Lucia Maceda’s love of food blossomed during her childhood. Growing up in Mexico, her mother travelled to many different corners of the country — Maceda in tow — just to try the different regional foods.

At just five years old, Maceda was already being taught to prepare tortillas and molé by her grandmother, who hosted Sunday brunch every week for visitors and family alike.

Maceda’s favourite childhood dish? Her grandfather’s Bacalao — a traditional Spanish dish, often prepared for Christmas, in which cod is seasoned with tomatoes, garlic and olives, amongst other ingredients.

“It's always been a passion,” Maceda told CTV News Toronto. “It's something that I grew up with.”

Maceda hadn’t yet finished Grade 7 when she knew she wanted to pursue her passion for food as a career.

“I used to go to a private school and, in Grade 7, you can choose [between] different career specialties,” she explained. “I chose culinary.”

As a young woman, Maceda moved to Canada and soon embedded herself in Toronto’s restaurant scene, working as a chef at different establishments throughout the city. When Maceda took over ownership of Cool Hand of A Girl, located at 2804 Dundas West St., in 2008, she knew she wanted to pay homage to her heritage in both her cooking and her community.

“For me, it's not about just the flavour,” she said. “The food has to be memorable — it’s about creating memories.”

Maceda carefully selects the ingredients used in Cool Hand of A Girl’s menu, prioritizing local farmers and organic ingredients and sourcing artisanal bread from Toronto bakeries. She says this ensures the highest quality and builds a stronger community.

“I really like to support local organic farmers and, from there, I created a lot of local connections and relationships,” she said.

The cafe serves an array of breakfast and lunch fare — from their best-selling avocado parmesan sandwiches and chorizo tacos to cheddar chutney grilled cheese and handmade tortilla chips. To top it off, Maceda also offers handcrafted coffee and espresso beverages.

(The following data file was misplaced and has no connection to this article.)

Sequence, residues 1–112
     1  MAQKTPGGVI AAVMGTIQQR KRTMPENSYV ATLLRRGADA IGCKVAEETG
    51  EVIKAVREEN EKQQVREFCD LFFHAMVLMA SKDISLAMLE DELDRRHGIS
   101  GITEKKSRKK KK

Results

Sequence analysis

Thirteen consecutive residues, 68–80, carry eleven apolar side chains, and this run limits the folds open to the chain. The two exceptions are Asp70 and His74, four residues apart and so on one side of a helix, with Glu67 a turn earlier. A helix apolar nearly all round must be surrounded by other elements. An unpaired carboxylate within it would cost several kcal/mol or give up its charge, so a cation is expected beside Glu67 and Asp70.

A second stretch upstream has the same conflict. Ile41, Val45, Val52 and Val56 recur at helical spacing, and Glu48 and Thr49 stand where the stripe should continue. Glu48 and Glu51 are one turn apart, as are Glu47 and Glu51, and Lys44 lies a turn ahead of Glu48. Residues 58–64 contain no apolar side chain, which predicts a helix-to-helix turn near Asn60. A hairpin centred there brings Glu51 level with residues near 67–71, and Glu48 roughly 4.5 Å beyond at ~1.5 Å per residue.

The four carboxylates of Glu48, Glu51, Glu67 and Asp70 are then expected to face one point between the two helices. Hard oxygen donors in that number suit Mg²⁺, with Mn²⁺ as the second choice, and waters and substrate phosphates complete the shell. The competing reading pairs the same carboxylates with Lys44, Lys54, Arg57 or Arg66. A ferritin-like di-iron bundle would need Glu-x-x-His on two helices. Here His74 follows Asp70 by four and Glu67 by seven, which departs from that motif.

Located in Toronto’s Junction neighbourhood, Cool Hand of a Girl has been a staple of the community for more than a decade. For Maceda, that means upholding values of inclusion and compassion.

“My business is not just for certain people — it’s for everybody,” she said. “We have that community sense and I think that's why we've been able to survive.”

When the pandemic hit, that community rallied around Maceda.

“I was very touched by all the people who came and asked me if I was doing okay,” she said. “The support that I received from my customers was incredible.”

The pandemic forced Maceda to revamp her business model. She started selling her ingredients — produce, spices, tortilla chips and more — out of the cafe. This led to a branded line of handcrafted hot sauces, salsas and guacamole which are soon set to hit shelves in certain retailers across the city.

“I think with COVID-19, we realized how we needed to change,” she said. “Change is always good for our business.”

While Maceda welcomes the changes the pandemic has brought, one thing has remained a constant — community.

She feels the community is just as important to her business as ingredients or menu offerings. When asked what she hopes for the future of her cafe and The Junction, that sense of community remains a priority.

“I really feel the charm of these neighbourhoods comes from diversity, so I really hope The Junction stays that way because that's really what gives life to the neighbourhood,” she said.

“It’s not just about the business for me. It’s about the connections.”